The strength of Sw calculations from Pc/Sw data is that, after making a correlation with porosity and height, a unique Sw value is available for all wells at all net-pay depths with valid porosity values in the log database. This also applies to the whole hydrocarbon column anywhere in the reservoir once the wellbore porosity values have been propagated into the full geocellular model grid. These calculations can account for any zonation and subsets of input parameters related to the individual zones.
A potential weakness in the Pc approach to Sw calculations is whether the laboratory measurements have been allowed sufficient time to reach equilibrium. If not, the Sw values, particularly at high P c values, will be too high. Another potential weakness is the accuracy of the IFT value used in converting from surface to reservoir conditions; fortunately, these values vary over a limited range for most hydrocarbon/brine pairs. A third potential weakness is the definition of the FWL depth compared with the observed OWC or GWC. A fourth potential weakness is whether enough data have been taken to be representative, both vertically and areally, of the zones in the reservoir. 
The fifth potential weakness concerns the complexity of the reservoir’s hydrocarbon-filling and structural history. In simple oil-reservoir situations and most gas-reservoir situations, this is not an issue. However, for oil reservoirs with tar mats and heavy-oil zones there is a complication because of the varying oil density near the OWC, including the possibility that the tar mat has a hydrocarbon density very close to that of the connate brine. Another aspect may be whether all or portions of the hydrocarbon column are on the imbibition cycle where imbibition Pc/Sw data are needed for the Sw calculations, not the typical drainage Pc/Sw data. 
OBM-core-plug Dean-Stark water-volume determinations
The third method for determining the Sw in a reservoir’s hydrocarbon column is to cut OBM cores and perform Dean-Stark water-volume determinations on the routine core plugs. Foot-by-foot Sw values can be calculated from these water volumes and the associated core-plug PVs. OBM cores are typically cut only in a few wells in a particular field. These Sw data can be applied to other, uncored wells in the reservoir if strong correlations between these values and porosity and/or permeability are identified. These data are not valid in the oil/water or gas/water transition zone or in the aquifer, intervals in which the connate brine is mobile. OBM-core Sw values may be found to be either higher or lower than those from the other two methods described previously.
Strengths and weaknesses of OBM-core values
The strength of Sw values from routine-core-analysis Dean-Stark Sw data is that these data are the most direct measure of reservoir connate Sw values above the oil/water or gas/water transition zone. Relative to the two methods discussed previously and the variations of these methods, the OBM-core Sw approach is a direct Sw determination and the other methods are indirect Sw-calculation approaches that require many more assumptions and inferences.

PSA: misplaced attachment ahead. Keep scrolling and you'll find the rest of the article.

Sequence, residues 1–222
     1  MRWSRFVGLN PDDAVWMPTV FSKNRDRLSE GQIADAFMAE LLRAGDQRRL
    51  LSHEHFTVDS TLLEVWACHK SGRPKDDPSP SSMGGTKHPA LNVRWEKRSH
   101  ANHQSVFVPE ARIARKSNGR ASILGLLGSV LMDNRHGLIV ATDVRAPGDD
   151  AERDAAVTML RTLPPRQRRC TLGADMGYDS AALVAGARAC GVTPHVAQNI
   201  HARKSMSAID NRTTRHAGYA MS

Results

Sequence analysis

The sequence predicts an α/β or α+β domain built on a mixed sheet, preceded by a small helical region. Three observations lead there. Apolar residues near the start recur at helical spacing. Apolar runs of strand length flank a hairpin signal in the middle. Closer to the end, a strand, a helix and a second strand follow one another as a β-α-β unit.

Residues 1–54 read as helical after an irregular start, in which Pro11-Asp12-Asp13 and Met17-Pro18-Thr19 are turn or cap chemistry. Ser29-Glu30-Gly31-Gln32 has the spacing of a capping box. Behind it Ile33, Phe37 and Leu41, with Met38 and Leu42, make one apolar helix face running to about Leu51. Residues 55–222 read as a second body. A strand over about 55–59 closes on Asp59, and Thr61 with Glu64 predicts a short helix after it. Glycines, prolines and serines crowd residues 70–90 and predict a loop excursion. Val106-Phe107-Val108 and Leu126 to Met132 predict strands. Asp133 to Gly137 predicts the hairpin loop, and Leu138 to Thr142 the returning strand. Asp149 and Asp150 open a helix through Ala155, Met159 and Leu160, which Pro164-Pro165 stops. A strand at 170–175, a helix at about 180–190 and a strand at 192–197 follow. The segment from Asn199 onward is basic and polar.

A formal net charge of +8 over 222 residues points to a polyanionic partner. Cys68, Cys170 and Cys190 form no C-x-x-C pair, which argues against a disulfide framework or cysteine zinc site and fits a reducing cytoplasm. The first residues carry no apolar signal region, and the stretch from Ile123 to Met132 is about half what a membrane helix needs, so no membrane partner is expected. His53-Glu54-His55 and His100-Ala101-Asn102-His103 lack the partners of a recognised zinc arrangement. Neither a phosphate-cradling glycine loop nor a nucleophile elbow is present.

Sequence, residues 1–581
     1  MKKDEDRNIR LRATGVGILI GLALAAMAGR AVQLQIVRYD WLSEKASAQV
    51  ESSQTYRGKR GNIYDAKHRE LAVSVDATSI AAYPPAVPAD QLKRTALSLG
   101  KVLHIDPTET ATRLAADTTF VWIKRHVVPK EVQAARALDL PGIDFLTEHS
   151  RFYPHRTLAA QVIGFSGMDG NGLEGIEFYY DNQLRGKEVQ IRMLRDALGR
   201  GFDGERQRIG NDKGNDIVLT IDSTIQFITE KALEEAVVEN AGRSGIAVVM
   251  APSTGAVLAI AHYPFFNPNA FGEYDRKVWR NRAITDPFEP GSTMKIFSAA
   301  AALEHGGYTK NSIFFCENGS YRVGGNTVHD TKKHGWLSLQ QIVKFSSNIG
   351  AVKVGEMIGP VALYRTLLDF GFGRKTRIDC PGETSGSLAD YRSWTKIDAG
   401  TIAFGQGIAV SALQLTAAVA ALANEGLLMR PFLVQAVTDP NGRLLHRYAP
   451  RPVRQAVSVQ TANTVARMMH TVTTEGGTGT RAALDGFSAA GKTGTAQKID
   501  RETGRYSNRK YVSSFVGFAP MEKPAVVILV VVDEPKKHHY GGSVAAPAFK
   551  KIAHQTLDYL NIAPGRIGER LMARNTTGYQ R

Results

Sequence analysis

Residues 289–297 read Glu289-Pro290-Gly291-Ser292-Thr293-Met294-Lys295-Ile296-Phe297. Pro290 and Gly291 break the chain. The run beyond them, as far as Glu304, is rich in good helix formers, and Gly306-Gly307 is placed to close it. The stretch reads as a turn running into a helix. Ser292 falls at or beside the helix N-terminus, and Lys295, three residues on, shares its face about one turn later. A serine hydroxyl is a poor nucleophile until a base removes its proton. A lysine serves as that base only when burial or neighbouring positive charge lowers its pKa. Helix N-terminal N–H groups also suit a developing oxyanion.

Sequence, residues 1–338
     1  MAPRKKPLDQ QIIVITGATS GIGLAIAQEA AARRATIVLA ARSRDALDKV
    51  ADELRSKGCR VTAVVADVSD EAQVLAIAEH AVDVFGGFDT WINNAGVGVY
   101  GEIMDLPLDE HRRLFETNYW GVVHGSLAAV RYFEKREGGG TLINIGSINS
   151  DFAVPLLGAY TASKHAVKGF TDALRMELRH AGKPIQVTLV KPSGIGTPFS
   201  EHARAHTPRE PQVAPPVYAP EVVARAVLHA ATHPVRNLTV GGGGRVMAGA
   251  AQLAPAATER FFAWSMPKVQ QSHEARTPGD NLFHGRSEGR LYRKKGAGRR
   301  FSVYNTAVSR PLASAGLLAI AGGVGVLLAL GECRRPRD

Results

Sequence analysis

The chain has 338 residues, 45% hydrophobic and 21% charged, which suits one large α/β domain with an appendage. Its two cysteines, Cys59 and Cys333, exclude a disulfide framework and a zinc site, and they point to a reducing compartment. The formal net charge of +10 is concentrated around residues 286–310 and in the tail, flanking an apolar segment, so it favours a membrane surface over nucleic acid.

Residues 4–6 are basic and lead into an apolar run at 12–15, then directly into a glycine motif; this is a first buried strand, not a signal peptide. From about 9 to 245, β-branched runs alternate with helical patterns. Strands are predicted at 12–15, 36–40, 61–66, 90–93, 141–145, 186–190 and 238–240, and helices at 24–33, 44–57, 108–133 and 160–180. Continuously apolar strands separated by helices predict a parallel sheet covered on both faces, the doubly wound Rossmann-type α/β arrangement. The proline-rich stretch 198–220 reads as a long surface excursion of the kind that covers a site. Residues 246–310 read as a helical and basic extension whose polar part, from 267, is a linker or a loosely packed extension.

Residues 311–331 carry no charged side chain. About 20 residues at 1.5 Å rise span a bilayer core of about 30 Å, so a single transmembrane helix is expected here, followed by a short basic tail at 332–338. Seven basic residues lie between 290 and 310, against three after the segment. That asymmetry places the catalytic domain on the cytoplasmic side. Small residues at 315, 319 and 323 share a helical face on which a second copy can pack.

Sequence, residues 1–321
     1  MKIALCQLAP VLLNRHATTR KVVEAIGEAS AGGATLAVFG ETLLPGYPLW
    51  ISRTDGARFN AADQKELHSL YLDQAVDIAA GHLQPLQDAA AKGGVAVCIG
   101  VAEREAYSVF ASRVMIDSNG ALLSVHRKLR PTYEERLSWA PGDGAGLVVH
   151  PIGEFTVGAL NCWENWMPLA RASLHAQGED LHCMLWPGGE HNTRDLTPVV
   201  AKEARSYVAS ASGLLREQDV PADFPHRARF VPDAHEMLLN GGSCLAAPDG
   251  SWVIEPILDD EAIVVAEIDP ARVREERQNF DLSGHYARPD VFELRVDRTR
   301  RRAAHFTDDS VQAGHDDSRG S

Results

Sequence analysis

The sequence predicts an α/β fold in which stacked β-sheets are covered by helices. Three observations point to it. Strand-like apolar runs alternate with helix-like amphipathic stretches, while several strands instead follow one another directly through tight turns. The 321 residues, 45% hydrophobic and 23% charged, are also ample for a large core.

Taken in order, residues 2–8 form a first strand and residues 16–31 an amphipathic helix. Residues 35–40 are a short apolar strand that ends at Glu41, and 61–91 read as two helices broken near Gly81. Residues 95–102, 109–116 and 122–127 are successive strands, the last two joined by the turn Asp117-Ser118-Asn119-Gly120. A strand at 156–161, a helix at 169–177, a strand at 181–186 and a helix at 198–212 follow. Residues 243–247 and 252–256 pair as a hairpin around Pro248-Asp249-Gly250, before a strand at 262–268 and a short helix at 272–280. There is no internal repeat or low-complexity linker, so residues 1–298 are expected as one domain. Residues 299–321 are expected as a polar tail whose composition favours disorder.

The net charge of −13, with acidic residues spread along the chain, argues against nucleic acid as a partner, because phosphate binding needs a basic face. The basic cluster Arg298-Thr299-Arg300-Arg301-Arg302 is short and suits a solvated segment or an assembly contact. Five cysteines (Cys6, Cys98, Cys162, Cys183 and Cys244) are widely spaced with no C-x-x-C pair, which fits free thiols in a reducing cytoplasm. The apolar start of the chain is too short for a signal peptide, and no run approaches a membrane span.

The weaknesses of the OBM Sw method are that it does not apply to the lowest parts of the oil/water or gas/oil transition zone where the brine phase has mobility and that, generally, the amount of OBM core Sw data is limited because the operator cuts cores with OBM only in a limited number of wells because of the expense. The first of these weaknesses can be overcome if the OBM Sw data are used in combination with either the resistivity logs or with Pc/Sw data.
Another consideration is that the whole project, from the mud formulation to the core-handling and -preservation procedures on through the routine-core-analysis measurements, needs to be monitored and reviewed in detail to ensure all steps were executed properly. This demands that considerable time and effort be spent by the technical team to ensure success; however, to some extent the same comment applies to the Pc/Sw and resistivity-log/Sw calculation approaches discussed previously.
Integration of water saturation data from different methods
Depending on the data availability in a particular reservoir situation, a combination of the various Sw approaches may prove superior to the use of a single type of data. The first step in going to a combination approach is to review the reservoir’s database to identify any significant gap in vertical, or areal, coverage. The most obvious gap often occurs near the fluid contact, because there is little reason to drill wells in downdip locations, particularly during a reservoir’s development phase. Three examples of combination approaches are described below.
Resistivity-log and capillary pressure data
Resistivity-log-derived Sw results may not be available throughout the hydrocarbon column of a reservoir. To fill gaps and average the point-by-point data set, it is common practice to plot Sw as a function of height, to omit nonpay points, and to identify various porosity ranges by coding the data points. Resistivity-log-derived Sw data frequently shows V- or U-shaped patterns on these plots because of the shoulder/bed effects near nonpay sections (shales). The most accurate Sw values in such patterns are usually at the lowest Sw values where the thin-bed correction is minimized. In a manner similar to that described in the previous Pc/Sw section, height/saturation curves are often fitted to these resistivity-log-derived Sw data to enable reservoir hydrocarbons-in-place volumes to be calculated. The function forms are similar to or are the same as those described above for Pc/Sw.